Immerse in 60s folk with Julie Felix

Julie Felix, one of the all time greats of the 60s folk music boom, is about to embark on her annual tour of Ireland, following her 2008 tour, which was a complete sell out of at all venues -including The Passionfruit Theatre on Thursday October 1.

Julie left her home in California in the early 60s; she hitch-hiked throughout Europe with a duffle bag and guitar, and after living on a Greek island - where she met and performed with another newcomer by the name of Leonard Cohen - she finally arrived in England in 1964.

A few months after her arrival, she became the first solo folk artist to be signed to a major British record company, when Decca released her first album, Julie Felix , and a single, ‘Someday Soon’.That same year Julie appeared on The Eammon Andrews TV show, and was asked back the following week by popular demand.

In 1965 she headlined Croydon's Fairfield Hall, followed by the Royal Albert Hall, becoming the first British-based folk singer to fill London’s top venue.

In 1966 Julie became the resident singer on the amazingly popular TV show The Frost Report, quickly becoming a household name. The same year she played at Westminster Abbey's 900th anniversary - the first "popular" singer to perform there.

Brian Epstein, The Beatles manager, booked Julie in 1967 to top the bill with Georgie Fame for a two week engagement at London's Saville Theatre, supported by a newcomer named Cat Stevens.

In 1968 she was given her own TV series of 17 shows - the first colour series produced by the BBC. Guests included Leonard Cohen, Jimmy Page of Led Zeppelin, Donovan, Dusty Springfield, Spike Milligan, and Richard Harris. In 1970 the series was moved from BBC2 to BBC1, and she was signed by hit-maker Mickie Most, becoming the first artist to have a hit on the RAK label with her version of Paul Simon's If Could '(El Condor Pasa ). Her first LP on RAK, Clotho's Web,included contributions from John Paul Jones (Led Zeppelin ), Danny Thompson (John Martyn Band, Pentangle, Richard Thompson Band ), and the late Cozy Powell (Jeff Beck Group ).

In 1974 Julie signed with the EMI label and recorded the album Lightning, touring Japan, Australia, and New Zealand to promote it, and in the late 70s she moved to Norway where the title track of her 1976 album Hot Chocolata went to number one in the singles chart. Bright Shadows was the debut album for Julie’s own label, Remarkable Records.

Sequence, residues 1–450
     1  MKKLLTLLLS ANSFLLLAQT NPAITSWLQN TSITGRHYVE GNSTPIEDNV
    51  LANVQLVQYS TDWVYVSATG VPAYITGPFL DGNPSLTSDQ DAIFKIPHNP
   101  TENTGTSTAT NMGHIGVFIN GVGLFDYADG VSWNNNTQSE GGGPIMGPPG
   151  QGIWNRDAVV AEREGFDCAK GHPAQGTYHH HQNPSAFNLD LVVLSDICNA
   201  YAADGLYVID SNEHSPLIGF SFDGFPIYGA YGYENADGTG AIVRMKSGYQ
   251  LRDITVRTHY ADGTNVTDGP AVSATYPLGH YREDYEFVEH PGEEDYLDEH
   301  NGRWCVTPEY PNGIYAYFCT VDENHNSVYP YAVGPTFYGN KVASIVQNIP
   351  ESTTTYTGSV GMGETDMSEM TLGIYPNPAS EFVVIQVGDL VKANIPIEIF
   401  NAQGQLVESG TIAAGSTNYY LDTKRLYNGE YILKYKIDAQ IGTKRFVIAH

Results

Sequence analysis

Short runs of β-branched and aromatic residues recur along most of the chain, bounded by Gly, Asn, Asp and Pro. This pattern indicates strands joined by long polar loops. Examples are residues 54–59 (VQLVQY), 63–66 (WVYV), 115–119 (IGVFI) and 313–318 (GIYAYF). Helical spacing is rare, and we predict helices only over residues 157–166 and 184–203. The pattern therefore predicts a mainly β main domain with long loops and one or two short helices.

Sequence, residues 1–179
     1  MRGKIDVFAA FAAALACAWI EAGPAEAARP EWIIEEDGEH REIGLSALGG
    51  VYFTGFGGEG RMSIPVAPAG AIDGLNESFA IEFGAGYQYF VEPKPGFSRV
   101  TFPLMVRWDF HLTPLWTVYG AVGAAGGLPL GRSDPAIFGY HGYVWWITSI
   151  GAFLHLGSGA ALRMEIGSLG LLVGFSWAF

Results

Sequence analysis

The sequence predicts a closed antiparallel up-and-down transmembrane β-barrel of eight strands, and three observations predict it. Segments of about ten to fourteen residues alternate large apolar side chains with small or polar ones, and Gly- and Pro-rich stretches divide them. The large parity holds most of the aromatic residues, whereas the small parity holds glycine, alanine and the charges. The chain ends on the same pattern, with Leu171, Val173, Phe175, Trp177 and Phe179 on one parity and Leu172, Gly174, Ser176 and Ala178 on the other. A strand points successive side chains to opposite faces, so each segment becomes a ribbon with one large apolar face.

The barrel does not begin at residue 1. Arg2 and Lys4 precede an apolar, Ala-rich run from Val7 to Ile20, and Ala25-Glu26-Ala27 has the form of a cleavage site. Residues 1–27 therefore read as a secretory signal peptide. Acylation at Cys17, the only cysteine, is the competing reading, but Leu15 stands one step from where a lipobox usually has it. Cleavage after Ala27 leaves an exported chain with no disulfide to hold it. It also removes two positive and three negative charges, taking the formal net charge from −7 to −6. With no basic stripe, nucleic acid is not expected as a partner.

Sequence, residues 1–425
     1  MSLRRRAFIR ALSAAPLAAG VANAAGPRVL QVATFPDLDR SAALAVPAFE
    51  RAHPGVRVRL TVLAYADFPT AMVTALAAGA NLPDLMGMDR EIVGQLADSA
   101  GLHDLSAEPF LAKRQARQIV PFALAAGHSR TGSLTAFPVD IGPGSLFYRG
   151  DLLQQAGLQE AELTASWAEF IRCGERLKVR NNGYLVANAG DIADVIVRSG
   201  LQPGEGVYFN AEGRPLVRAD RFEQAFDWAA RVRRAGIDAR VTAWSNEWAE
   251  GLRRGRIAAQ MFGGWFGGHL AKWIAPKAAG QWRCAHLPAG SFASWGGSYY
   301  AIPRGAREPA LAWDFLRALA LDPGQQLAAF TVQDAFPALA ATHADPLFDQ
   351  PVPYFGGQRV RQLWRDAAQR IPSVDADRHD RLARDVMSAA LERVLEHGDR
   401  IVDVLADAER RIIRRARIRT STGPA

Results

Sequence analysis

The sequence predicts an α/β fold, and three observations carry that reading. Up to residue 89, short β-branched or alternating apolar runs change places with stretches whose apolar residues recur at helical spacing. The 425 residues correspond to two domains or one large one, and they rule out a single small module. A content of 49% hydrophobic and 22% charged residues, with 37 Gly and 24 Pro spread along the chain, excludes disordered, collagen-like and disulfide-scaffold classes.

In 1969, Julie appeared at the Isle of Wight Festival with Bob Dylan, and had remained one of the world's top interpreters of his music, so it was no surprise when Julie released the album Starry Eyed and Laughing, a double CD of Julie’s versions of Bob Dylan’s songs. She was backed by ‘superstar’ musicians including John Paul Jones, (Led Zeppelin ), John Renbourn (Pentangle etc ), Danny Thompson (John Martyn Band, Pentangle, Richard Thompson Band etc. ), Dave Swarbrick (Fairport Convention etc. ), Martin Carthy (Steeleye Span etc. ), Kiki Dee, and PJ Wright (Steve Gibbons Band, The Dylan Project ).

In April 2008 Julie again joined forces with PJ Wright , and with the multi-instrumentalist Anna Ryder formed The Julie Felix Trio, headlining - for one night only - a tribute to Bob Dylan at Hammersmith Irish Cultural Centre, London to great acclaim.

During her long career Julie Felix has sung out for many causes. She has visited the Middle East as a humanitarian ambassador for Christian Aid; urged New Zealanders not to engage in conscription at a concert during the Vietnam War; campaigned for Latin American refugees; founded ‘Guitars Against Landmines; and marched against the Iraq War in London.

In June 2008 Julie celebrated her 70th birthday playing a sold out gig at Gateshead’s Sage Theatre, in north east England. During the performance, and just prior to performing a classic song written by another American folk legend, Tom Paxton, Julie read out a birthday greeting she had just received from the man himself. “At 70, still the possessor of the most radiant smile in Britain. Old friends are the best friends, especially when they get old. But that’s not for a while yet for you. They tell me that 70 is the new 40, but you’re not a day over 35. All the best. From Tom.”

After nearly 50 years of making phenomenal music nothing’s changed; she’s still brimming with energy on stage and off, with performances exuding pure joy for music and the world around us.


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